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The city of Patiala is located at a distance of 65 kilometers from Chandigarh. Historians believe that Mohan Singh, the predecessor of the Sikh Patiala Royal House, was once harassed by the neighboring “tappedars”, namely, the Dhaliwals and the Bhullars. It is said that Guru Hargobind even intervened on behalf of Mohan Singh but in vain. This resulted in an armed combat and the Guru’s troupe defeated the Dhaliwals. Mohan Singh then founded the village of Meharaj in 1627. Later, Guru Hargobind’s troupe and Mohan Singh fought the Mughals in 1631 at the Battle of Mehraj. Subsequently, in a struggle against the Bhatti Rajputs, Mohan Singh and his first son Rup Chand got killed. Mohan’s younger son, Kala, became the successor of the “Chaudriyat” and ended up being a guardian to the sons of his elder brother Rup Chand. After Kala’s death, Phul, Rup Chand’s son, founded his own village in 1663 and named it “Phul”. The formation of this village, at a distance of five miles from Meharaj, was possible because of the Sikh Gurus’ blessings. “Phul” was one of the premiere Jat Sikh Kingdoms to be established in Punjab. It is believed that the title of the “Phulkiyan” dynasty owes its origin to the common initiator.

Phul’s son Chhota Ram Singh also known as Bhai Ram Singh was blessed and baptized by Guru Gobind Singh.  Baba Ala Singh, descendant of Bhai Ram Singh, thought of forming a Sikh domain where the “Singhs” would be able to live in safety and security. Helped and encouraged by Deep Singh Ji, Ala Singh challenged the Mughal chiefs of Barnala and succeeded in winning over the area after a battle that continued for six months. He decided to construct a city where the Sikhs could prosper and soon a safe boundary was marked inside which work began. This place was termed as “area of Ala Singh” or “Aale di patti” which eventually became “Patiala”. The “Panth” made Aala Singh the first “king” of Patiala who, along with his brothers, ruled the territory up to Bhatinda.

Baba Ala Singh was shrewder than most of his contemporaries and dealt with the Marathas, Afghans and Mughals tactically during the middle years of the 18th Century. In 1761, the Marathas were undone in the 3rd Battle of Panipat and the Afghans ruled the entire Punjab. During this stage, the Patiala rulers started acquiring distinct tokens of royalty. The prestigious title of “Maharaja of Patiala” was bestowed upon Ala Singh by Ahmad Shah Abdali.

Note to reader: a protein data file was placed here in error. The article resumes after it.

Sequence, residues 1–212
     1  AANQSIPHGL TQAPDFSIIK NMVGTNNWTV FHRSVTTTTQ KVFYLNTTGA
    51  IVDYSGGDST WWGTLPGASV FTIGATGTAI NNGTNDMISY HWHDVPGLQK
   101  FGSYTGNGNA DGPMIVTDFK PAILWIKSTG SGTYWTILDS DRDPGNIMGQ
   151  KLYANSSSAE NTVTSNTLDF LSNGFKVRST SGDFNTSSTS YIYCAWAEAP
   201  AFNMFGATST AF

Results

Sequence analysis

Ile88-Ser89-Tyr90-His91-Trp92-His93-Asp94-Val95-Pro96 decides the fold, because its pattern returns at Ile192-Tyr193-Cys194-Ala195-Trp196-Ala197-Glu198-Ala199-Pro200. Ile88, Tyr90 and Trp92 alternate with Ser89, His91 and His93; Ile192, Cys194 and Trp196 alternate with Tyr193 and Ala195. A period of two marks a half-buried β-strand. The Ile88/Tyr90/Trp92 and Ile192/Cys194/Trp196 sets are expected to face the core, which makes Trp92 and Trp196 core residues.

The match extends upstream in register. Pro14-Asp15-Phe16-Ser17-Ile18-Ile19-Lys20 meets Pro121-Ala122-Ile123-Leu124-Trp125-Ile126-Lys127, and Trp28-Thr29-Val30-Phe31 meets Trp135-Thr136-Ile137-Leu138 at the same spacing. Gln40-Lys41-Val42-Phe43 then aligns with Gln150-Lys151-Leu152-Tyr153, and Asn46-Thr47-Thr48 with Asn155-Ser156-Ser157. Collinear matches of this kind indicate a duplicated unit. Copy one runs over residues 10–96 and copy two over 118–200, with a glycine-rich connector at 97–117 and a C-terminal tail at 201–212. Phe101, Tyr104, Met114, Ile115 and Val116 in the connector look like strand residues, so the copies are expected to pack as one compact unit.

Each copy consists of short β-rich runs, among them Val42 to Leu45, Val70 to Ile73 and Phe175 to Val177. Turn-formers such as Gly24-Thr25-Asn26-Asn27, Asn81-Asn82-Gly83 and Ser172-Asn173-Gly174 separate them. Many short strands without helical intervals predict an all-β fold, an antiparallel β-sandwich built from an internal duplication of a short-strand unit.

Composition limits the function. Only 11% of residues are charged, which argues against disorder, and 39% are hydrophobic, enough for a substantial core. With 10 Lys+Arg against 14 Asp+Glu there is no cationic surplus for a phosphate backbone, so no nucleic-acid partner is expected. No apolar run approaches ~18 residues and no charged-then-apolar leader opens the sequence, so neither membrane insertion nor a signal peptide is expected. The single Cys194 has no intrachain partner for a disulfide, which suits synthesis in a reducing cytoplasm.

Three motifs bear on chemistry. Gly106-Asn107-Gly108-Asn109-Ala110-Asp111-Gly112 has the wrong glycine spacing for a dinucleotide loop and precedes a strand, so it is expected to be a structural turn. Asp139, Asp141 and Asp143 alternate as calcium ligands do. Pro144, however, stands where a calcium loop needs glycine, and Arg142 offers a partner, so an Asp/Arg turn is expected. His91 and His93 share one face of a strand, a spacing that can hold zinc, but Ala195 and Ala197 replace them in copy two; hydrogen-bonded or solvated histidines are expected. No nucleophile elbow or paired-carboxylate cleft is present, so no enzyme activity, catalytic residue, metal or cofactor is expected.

Marred by 40 years of endless struggle with the Marathas, Afghans and Mughals, the eastern boundaries of the state of Patiala experienced the wrath of the British while the northern boundaries witnessed the might of Ranjit Singh. The Raja of Patiala, blessed with grit and the instinct of making the right decisions at opportune moments, entered into an agreement with the British in 1808 against Ranjit Singh. Thus the rulers of Patiala became the associates of the British in building the British Empire in the Indian sub-continent. Maharaja Bhupinder Singh who ruled from 1900 to 1938 was one of the many rulers of Patiala who were treated by the British with respect. He made Patiala prominent on India’s political map as well as in the arena of international sports. Later, Maharaja Yadavindra Singh, Bhupinder’s son, became the first “prince” of India to sign the “Instrument of Accession”. This helped in the process of integrating India after the independence in 1947 and Yadavindra was made the “Rajpramukh” of the newly formed PEPSU (Patiala and East Punjab States Union) from its initiation in 1948 till its unification with Punjab in 1956.

If you plan to visit Patiala, you must visit historical places like Qila Mubarak, Qila Androon, Ran Baas, Sheesh Mahal, Rang Mahal, Darbar Hall, Moti Bagh Palace (presently housing the National Institute of Sports), Lachhman Jhoola, Shahi Samadhan, Qila Bahadurgarh, Bir Moti Bagh, and Rajindera Kothi. The Kali Temple, the Panj Bali Gurdwara and the Gurdwara Dukhniwaran Sahib also draw religious enthusiasts from all over India.

Interestingly, Patiala has a unique place in the psyche of the average Indian. The word has interesting connotations – there is the celebrated “Patiala Gharana” of Hindustani Classical Music, the term “Patiala Peg” refers to a huge peg of whiskey and finally “Patialas” may refer to the popular dhoti salwars or lower body apparel for women.

Map of Patiala

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